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BBVA Compass

Insuring Affluence

By Peter McDougall


Life insurance, a key product for all those wishing to protect their loved ones, is also an important and increasingly flexible financial tool for high-net-worth individuals.

For many individuals, life insurance offers peace of mind and a way to provide for the financial security of loved ones after you are gone. The latter concern might seem less pressing for individuals with means, who often leave behind large estates that provide financial support for loved ones. Nevertheless, life insurance policies also play an important role for high–net–worth individuals.

"These policies can be a critical source of liquidity," says Etti Baranoff, associate professor of insurance at Virginia Commonwealth University. "They can also act as tax–efficient estate planning tools, among other benefits."

The multiple uses of life insurance. The tax–free death benefit holds the key to a life insurance policy’s value for high–net–worth policyholders. You can use the investment component of a policy, known as its cash value, to transfer wealth to your beneficiaries in a tax–efficient manner. Or you can focus on providing your beneficiaries with the cash flow they need while your estate is tied up in probate or its assets remain illiquid.

Death benefits can also be used to cover estate taxes if you name the estate itself as the beneficiary. "Otherwise, the beneficiaries may have to liquidate part or all of the estate to meet the liability," says Baranoff. Forced liquidation may mean that your heirs will have to sell assets at less than optimal prices. For example, they might have to sell stocks in a down market, or put real estate on the market in a downturn – and hope it sells in time.

You can also pair life insurance with annuity payments from a defined benefit plan to provide for a surviving spouse and preserve wealth for future generations. Defined benefit, or pension, plans typically include a joint survivor option. In exchange for a lower pension payment during your lifetime, your spouse will continue receiving some level of payments after you die. After your spouse dies, however, there are no further benefits.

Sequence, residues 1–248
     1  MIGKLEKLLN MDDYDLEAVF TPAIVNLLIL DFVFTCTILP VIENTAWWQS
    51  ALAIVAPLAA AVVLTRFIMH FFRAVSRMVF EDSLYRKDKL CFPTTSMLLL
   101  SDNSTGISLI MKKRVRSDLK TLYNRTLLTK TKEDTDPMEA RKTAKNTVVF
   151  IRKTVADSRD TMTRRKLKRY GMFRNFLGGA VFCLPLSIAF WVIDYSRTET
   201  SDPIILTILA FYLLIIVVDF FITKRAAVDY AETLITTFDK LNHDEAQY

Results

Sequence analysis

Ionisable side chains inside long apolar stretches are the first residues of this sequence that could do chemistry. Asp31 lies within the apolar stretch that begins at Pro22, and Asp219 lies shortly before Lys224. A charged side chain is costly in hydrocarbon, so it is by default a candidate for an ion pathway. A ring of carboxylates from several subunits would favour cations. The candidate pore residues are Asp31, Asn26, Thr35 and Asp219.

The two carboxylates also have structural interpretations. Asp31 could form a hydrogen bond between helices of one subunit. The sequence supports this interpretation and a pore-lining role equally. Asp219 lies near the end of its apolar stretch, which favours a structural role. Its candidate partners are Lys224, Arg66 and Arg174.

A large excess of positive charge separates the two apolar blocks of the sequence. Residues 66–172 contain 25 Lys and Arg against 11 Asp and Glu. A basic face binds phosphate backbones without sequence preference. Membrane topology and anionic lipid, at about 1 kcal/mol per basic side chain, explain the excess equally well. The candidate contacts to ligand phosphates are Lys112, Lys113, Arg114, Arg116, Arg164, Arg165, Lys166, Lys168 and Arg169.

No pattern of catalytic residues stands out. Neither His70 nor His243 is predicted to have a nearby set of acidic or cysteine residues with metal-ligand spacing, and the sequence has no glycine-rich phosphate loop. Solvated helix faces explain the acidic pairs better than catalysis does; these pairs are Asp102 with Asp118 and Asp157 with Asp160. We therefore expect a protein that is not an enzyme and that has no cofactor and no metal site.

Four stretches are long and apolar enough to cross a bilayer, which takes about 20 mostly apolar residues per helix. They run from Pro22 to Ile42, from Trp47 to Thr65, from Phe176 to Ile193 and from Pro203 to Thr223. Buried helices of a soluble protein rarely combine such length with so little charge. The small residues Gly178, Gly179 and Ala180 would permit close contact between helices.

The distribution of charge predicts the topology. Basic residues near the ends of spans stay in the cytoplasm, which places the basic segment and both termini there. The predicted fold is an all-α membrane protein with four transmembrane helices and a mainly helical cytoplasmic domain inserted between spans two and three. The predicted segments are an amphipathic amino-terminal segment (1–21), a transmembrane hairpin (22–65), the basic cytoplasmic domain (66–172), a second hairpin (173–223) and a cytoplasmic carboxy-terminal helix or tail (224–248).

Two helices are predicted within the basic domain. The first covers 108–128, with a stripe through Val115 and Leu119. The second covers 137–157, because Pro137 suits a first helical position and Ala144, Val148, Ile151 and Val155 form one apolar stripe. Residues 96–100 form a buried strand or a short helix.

As a potential alternative, Baranoff suggests you consider opting out of the plan’s joint survivor option. You’ll receive a higher payment during your lifetime, and you can use the extra benefits you receive to purchase a life insurance policy. When you die, your spouse will receive a tax–free lump sum. At the end of your spouse’s life, any remaining assets then become part of his or her estate, and can be passed along to future generations.

Choosing a policy. There are many different policies to choose from, each with its own strengths and weaknesses. Of the two main types of policies, term and permanent, affluent individuals generally are most interested in permanent. The reason: Though permanent policies often are more expensive, they offer the opportunity to accrue value that can be accessed later.

Following are the most common types of permanent life insurance policies:

  • Whole life policies offer fixed premiums, guaranteed cash value, and a fixed death benefit.
  • Universal life policies offer adjustable premiums, guaranteed cash value, and a minimum death benefit.
  • Variable life policies offer fixed premiums, which are invested in stocks, bonds, or other securities. While the policy guarantees a minimum death benefit, the cash value can rise or fall depending on the performance of the underlying investments.
  • Variable universal life combines elements of different policies. You have the flexible premiums and death benefit options of a universal policy along with the investment options offered in a variable policy.

Each policy type offers different guarantees and options, with trade–offs when you choose one over the other. For example, an opportunity to grow your cash value likely means a lower guaranteed death benefit.

You also face the choice of how much coverage to purchase. In each case, the size of the policy should be tailored to your specific needs. For example, if you anticipate a $5 million estate tax bill, there’s little point to buying a policy worth $3 million. Likewise, a policy geared to cover short–term cash–flow needs doesn’t need to be worth $10 million – three months’ worth of expenses should suffice.

"Your best option is to decide what benefit is most important to you and then to choose the policy that best matches that need," says Baranoff.

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